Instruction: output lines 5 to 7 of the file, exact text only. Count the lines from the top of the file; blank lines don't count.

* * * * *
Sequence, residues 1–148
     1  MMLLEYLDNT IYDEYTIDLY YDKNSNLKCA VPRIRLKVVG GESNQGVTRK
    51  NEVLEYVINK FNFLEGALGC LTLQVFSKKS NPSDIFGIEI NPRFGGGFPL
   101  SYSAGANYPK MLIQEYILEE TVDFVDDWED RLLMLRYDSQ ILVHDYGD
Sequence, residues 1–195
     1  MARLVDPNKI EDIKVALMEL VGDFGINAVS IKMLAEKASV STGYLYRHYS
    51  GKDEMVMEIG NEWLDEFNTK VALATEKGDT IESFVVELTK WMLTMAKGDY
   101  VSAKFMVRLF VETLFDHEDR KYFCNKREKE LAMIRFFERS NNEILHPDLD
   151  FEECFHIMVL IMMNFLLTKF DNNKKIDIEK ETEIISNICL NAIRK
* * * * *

Sequence, residues 1–195
     1  MARLVDPNKI EDIKVALMEL VGDFGINAVS IKMLAEKASV STGYLYRHYS
    51  GKDEMVMEIG NEWLDEFNTK VALATEKGDT IESFVVELTK WMLTMAKGDY